Social Psychology Chapter 4: Choices and Actions

human behaviors
based on meaning and learned by culture
choosing
1. whittling the full range of choices down to a few
2. careful comparison of the highlighted options
BUT decisions are subject to biases, error, and other influences
risk aversion
people are more affected by possible losses than by possible gains
temporal discounting
what happens right now weighs more heavily than what mint happen in the future
certainty effect
the greater weight is given to definite outcomes than to probabilities; think Russian Roulette -> greater weight going from 1 to 0 bullets compared to going from 4 to 3 bullets
error management theory
the idea that both men and women seek to minimize the most costly type of error, but that men’s and women’s goals, and hence worst errors, differ; social side of sex: women can only be impregnated once but men “go for every single opportunity”
status quo bias
preference to keep things the way they are rather than change
omission bias
tendency to take whatever course of action that does not require you to do anything; default option;
Reasons:
1. anticipated regret
2. difficult decisions/too many choices
reactance theory
idea that people are distressed by loss of freedom or options and seek to reclaim or reassert them;
1. makes you want the forbidden option more
2. may make you take steps to reclaim the option
3. feel or act aggressively towards the person who took your freedom
entity theorists
those who believe that traits are fixed, stable things and thus people should not be expected to change
incremental theorists
those who believe that traits are subject to change and improvement
learned helplessness
belief that one’s actions will not bring about desired outcomes, leading one to give up and quit trying
self-determination theory
theory that people need to feel at least some degree of autonomy and internal motivation; activities must be motivated by inner drives and choices, rather than external factors
panic button effect
a reduction of stress due to the belief that one has the option of escaping or controlling the situation, even if one doesn’t exercise it
goal
an idea of some desired future state; culture sets a variety of possibilities; people choose among them depending on personal wants, needs, and their immediate circumstances; two major steps: 1.setting it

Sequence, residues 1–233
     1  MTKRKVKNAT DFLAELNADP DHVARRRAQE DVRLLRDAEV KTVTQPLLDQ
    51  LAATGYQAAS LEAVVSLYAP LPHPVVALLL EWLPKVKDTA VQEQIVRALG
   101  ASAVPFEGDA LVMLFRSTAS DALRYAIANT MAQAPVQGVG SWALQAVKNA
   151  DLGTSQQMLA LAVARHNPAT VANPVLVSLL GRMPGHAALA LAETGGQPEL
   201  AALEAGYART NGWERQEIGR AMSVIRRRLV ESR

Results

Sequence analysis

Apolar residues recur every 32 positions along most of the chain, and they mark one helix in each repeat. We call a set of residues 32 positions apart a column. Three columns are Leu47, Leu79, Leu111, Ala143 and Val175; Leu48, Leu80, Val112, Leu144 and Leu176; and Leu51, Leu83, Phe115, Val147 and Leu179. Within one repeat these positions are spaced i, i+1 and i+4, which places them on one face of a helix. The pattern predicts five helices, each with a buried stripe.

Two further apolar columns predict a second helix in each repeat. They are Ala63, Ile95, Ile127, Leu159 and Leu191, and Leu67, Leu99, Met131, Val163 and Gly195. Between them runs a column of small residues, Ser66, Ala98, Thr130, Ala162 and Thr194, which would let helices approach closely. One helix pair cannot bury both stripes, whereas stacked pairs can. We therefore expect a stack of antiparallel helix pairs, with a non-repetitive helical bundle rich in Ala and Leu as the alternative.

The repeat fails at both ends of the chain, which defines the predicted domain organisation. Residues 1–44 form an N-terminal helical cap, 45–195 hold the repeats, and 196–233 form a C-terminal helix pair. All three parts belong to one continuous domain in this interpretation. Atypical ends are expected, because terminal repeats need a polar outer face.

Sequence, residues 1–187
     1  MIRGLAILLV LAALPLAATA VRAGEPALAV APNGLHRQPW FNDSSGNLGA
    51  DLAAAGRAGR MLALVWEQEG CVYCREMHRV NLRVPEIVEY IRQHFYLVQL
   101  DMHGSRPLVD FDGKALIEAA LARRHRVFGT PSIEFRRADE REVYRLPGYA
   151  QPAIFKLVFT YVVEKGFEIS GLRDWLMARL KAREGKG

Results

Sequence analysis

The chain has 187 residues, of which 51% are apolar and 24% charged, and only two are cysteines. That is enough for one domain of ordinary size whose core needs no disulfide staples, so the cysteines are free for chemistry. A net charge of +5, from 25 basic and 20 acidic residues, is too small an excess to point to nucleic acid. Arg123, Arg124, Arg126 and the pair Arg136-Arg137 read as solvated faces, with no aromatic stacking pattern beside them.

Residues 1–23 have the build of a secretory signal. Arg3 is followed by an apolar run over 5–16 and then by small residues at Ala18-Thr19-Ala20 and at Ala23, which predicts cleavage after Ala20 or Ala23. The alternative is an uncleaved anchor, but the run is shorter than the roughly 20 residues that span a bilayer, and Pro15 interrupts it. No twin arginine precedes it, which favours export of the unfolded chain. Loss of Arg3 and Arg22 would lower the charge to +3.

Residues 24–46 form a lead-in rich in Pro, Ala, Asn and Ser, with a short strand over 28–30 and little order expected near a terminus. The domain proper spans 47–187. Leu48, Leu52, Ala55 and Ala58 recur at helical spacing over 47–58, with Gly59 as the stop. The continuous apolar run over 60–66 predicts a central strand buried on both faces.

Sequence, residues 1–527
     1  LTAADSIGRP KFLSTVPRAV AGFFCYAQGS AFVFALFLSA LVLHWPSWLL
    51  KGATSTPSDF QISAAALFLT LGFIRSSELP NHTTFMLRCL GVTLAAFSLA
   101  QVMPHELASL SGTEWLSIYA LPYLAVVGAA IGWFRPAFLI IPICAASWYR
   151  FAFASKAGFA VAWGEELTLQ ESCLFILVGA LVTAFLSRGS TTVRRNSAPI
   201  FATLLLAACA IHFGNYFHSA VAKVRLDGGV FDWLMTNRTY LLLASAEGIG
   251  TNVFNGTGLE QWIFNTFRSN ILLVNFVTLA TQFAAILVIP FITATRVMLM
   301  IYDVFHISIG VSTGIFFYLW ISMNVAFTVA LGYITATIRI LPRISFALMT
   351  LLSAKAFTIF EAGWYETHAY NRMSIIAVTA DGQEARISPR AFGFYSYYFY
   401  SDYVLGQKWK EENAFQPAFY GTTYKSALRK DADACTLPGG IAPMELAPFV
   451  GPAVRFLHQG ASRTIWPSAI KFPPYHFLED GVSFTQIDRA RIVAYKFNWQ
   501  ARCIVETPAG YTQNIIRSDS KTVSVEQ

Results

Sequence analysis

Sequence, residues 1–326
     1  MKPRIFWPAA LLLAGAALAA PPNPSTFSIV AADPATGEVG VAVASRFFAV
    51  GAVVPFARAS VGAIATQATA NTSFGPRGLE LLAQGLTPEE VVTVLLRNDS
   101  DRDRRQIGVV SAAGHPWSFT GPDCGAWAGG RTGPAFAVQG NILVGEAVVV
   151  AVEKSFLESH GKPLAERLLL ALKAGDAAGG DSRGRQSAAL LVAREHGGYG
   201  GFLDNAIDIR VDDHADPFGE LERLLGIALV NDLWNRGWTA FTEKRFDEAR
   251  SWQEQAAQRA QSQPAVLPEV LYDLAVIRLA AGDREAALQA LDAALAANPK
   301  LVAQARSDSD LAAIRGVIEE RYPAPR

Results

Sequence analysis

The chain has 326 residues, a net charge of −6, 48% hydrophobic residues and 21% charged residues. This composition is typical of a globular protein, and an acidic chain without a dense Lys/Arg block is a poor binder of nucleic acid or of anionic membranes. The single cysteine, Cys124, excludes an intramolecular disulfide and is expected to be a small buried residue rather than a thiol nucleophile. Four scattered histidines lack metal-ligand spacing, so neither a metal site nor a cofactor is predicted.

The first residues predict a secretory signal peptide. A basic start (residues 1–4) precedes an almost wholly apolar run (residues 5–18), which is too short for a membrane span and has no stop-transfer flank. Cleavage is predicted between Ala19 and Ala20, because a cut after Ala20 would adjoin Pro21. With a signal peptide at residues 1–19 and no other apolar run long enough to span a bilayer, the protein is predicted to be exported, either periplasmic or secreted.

2. pursuing it
deliberate system
goal setting
automatic system
helps provide initiative to resume goals that have been interrupted
zeigarnik effect
a tendency to experience automatic, intrusive thoughts about a goal whose pursuit has been interrupted
hierarchy of goals
making little goals as stepping stones towards one major goal; produces more success rather than having one goal
goal shielding
occurs when the activation of a focal goal the person is working on inhibits the accessibility of alternate goals
drawbacks to making plans
1. if they are too detailed and rigid, they can e discouraging
2. tend to be overly optimistic
planning fallacy
the tendency for plans to be overly optimistic because the planner fails to allow for unexpected problems; usually happens with the construction of houses/buildings
self-regulation
the selfs capacity to alter its own responses; self control; 3 stages:
1. standards
2. monitoring
3. capacity for change
standards
concepts/ideas of how things should be
monitoring
keeping track of behaviors or responses to be regulated; TOTE: the self-regulation feedback loop of Test, Operate, Test, Exit
capacity for change
the active phase of self-regulation; willpower; think radishes vs chocolate -> willpower gets used up
habit
an acquired behavior that, if followed regularly, will become almost automatic; can help or conflict with goals
self-defeating behavior
any action by which people bring failure, suffering, or misfortune on themselves
theories behind self-defeating behavior
1. tradeoffs; reward is immediate, cost is delayed
2. faulty knowledge and reliance on strategies that don’t work
3. capacity to delay gratification; ability to make immediate sacrifices for alter rewards (think kids waiting for a second marshmallow)
wrong theories behind self-defeating behavior
1. freud’s innate “death drive”
2. fear of success theory